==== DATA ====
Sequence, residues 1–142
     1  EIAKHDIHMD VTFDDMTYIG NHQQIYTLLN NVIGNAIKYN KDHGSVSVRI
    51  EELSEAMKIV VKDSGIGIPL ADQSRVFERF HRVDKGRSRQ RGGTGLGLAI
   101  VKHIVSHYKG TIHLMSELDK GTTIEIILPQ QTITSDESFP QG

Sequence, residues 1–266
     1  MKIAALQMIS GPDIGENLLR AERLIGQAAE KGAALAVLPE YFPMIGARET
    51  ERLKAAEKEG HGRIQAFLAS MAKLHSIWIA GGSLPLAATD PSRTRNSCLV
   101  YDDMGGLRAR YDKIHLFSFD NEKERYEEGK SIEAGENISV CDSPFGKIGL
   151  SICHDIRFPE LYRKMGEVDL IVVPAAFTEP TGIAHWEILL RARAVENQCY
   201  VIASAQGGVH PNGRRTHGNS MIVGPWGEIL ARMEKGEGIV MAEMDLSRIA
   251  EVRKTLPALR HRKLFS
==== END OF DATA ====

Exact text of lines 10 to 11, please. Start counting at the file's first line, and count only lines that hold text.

   201  VIASAQGGVH PNGRRTHGNS MIVGPWGEIL ARMEKGEGIV MAEMDLSRIA
   251  EVRKTLPALR HRKLFS